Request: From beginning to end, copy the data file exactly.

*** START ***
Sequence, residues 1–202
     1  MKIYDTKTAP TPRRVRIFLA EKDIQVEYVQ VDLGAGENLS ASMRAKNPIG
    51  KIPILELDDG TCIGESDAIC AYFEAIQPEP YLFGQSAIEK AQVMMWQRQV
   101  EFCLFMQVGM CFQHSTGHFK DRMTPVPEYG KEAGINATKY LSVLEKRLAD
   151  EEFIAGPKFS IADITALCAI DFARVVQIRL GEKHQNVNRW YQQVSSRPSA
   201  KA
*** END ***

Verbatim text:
Sequence, residues 1–202
     1  MKIYDTKTAP TPRRVRIFLA EKDIQVEYVQ VDLGAGENLS ASMRAKNPIG
    51  KIPILELDDG TCIGESDAIC AYFEAIQPEP YLFGQSAIEK AQVMMWQRQV
   101  EFCLFMQVGM CFQHSTGHFK DRMTPVPEYG KEAGINATKY LSVLEKRLAD
   151  EEFIAGPKFS IADITALCAI DFARVVQIRL GEKHQNVNRW YQQVSSRPSA
   201  KA